Another favourite of mine is looking for public domain illustrations.  You can find vintage images that are old enough to have become copyright-free, like this gem of an illustration by Helen Stratton from a 1899 collection of Anderson’s Fairy tales. (Newsletter subscriber bonus this month: 2 additional free colouring pages)

2. Play a collaborative game: Exquisite Monster™:

  • Drawing instruments: pencils, crayons, pens or even ball-point pens – anything that won’t bleed through to the other side of the paper (so no Sharpies or markers). You can use colours or not, it’s really up to you.

 

3. When all else fails, play a game of Pictionary – or a home-made variation

I’m just kidding, you don’t need to put this game at the bottom of your fun and games list, it’s a great family game. I still have the first Pictionary I bought many moons ago – but you don’t actually need to purchase the official product. You can easily create a fun and interactive version yourself.

What is it? Essentially a word-guessing game with drawings. As easy or as difficult that you care to make it.

Who can play?

  • Kids as young as 5 can play (provided the other players remember to be patient and kind), and everyone else will want to join in. The more players, the more fun it is.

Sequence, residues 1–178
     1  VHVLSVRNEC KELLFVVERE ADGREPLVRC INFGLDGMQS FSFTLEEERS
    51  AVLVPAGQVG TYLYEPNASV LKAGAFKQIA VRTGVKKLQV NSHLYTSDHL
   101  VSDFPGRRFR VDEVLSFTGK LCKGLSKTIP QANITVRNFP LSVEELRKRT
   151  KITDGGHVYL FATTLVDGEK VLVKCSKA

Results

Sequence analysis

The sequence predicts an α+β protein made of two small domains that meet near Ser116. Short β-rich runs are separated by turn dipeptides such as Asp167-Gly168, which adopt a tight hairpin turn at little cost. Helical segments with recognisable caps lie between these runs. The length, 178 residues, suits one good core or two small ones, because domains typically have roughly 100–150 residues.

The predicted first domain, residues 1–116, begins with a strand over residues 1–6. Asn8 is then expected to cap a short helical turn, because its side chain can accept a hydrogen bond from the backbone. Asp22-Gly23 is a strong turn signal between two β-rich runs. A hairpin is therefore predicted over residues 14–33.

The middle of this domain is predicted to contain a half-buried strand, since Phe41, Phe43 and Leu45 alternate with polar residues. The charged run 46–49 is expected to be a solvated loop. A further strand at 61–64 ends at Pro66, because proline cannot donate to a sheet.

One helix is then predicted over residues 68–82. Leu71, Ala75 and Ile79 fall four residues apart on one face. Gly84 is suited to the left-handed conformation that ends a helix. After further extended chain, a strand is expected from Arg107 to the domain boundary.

• The game can be played with teams or as one group – depending on the number of players, the dynamics involved, age differentials, etc. (a reasonable adult gets to decide that part).

Supplies?

  • Paper and markers (pencils and crayons, even pens works fine too) or a dry erase board with dry erase markers if you have them lying around (and something to wipe the drawings off with). Or a chalkboard with chalk. You get the idea, you need something to draw with and something to draw on.
  • A timer (human or otherwise) to be used for each turn. Not absolutely necessary, but helpful.
  • A set of prepared words, divided into easy, not-so-easy, and not-easy-at-all categories. You’ll need at least 10 of each to begin but I advise to have a lot more for each category.